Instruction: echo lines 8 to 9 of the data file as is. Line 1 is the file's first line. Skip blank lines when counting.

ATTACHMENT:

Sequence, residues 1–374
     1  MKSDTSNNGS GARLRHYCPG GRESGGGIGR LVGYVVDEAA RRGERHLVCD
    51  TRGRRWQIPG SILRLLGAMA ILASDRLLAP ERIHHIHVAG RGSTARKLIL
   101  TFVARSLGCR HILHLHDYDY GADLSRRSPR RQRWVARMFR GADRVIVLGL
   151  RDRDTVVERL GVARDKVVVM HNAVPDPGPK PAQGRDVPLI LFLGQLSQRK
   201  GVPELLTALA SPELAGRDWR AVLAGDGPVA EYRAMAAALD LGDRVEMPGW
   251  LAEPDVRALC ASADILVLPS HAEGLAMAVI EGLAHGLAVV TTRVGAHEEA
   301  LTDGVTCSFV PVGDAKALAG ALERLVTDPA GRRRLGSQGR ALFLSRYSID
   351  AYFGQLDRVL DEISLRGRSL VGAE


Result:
   301  LTDGVTCSFV PVGDAKALAG ALERLVTDPA GRRRLGSQGR ALFLSRYSID
   351  AYFGQLDRVL DEISLRGRSL VGAE